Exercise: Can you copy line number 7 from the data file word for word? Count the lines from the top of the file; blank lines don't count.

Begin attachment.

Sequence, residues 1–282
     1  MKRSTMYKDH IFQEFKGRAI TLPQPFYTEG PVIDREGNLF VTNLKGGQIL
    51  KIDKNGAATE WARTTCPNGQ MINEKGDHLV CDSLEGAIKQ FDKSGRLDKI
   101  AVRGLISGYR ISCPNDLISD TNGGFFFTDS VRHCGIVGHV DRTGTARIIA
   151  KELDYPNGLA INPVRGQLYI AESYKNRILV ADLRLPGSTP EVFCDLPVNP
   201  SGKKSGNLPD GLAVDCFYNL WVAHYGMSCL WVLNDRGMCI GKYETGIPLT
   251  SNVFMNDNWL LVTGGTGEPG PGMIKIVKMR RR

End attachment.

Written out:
   251  SNVFMNDNWL LVTGGTGEPG PGMIKIVKMR RR